Wow! And double wow because we will be privileged to learn more about these concepts from the master himself when Tony Buzan comes here to lead and facilitate a two-day workshop on March 26-27 at the Mandarin Oriental Hotel, aptly titled "Unleash the genius of creativity and innovation for a competitive edge." For details, call Ms. Serely Alcaraz at 887-7428 or email

ASTD 2007. Join the Learning & Innovation Team at the 2007 American Society for Training & Development Conference & Exposition at the Georgia World Congress Center, Atlanta, GA, USA, this June 3-6. There will be some two hundred concurrent sessions on career planning and talent management; facilitating organizational change; leadership and management development; learning as a business strategy; measurement, evaluation and ROI; performance improvement; and personal and professional development from which you could make your own agenda and conference sked.

For hefty discount on conference fee, please feel free to use Delegation Code 20070256 and email for affordable travel package.

(Please visit Moje at or email

Thursday, March 1, 2007

Website Up-To-Date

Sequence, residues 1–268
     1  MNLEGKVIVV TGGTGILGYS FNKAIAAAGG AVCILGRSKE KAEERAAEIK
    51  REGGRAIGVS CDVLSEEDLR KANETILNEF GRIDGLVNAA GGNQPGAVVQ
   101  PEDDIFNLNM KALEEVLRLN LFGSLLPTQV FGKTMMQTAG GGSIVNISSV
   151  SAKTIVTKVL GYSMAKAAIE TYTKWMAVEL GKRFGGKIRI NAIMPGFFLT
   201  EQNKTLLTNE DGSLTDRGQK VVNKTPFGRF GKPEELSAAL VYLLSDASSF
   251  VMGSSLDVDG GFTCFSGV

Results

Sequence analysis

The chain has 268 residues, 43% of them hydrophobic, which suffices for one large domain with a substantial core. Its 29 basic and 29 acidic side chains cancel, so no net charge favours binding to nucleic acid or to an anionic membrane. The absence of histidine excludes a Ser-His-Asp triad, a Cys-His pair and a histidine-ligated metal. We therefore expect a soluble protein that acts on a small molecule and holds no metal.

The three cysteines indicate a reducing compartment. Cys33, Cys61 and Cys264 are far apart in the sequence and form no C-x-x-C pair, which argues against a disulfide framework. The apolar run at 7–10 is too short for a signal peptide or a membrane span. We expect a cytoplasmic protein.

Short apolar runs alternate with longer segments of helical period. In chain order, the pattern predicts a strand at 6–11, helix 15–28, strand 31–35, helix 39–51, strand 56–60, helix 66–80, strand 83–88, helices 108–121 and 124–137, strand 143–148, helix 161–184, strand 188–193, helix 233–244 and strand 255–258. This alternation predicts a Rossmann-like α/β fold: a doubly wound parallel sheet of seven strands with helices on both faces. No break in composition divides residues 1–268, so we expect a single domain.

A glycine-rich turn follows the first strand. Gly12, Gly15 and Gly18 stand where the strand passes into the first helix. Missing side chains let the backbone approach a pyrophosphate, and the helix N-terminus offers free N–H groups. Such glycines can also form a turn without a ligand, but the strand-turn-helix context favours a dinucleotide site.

We would like to announce that this Learning & Innovation Website is now up-to-date. You can now read all past articles from my Learning & Innovation column and more!

We are trying to find a way to have an e-mail alert function so that you don't have to keep visiting the site to wait for new articles. You can just get alerted by e-mail.

Meanwhile, stay in touch with the website for new articles. I will talk about our recent climb to Mt. Pulag in the next few articles.

You can also check out the Book Reviews. Click on the "About P&PC" link to find out more about Paradigms & Paradoxes Corp.

Remember, on this website you can post your comments to individual articles, past or current, or send links to individual articles to your friends via e-mail.

Have fun!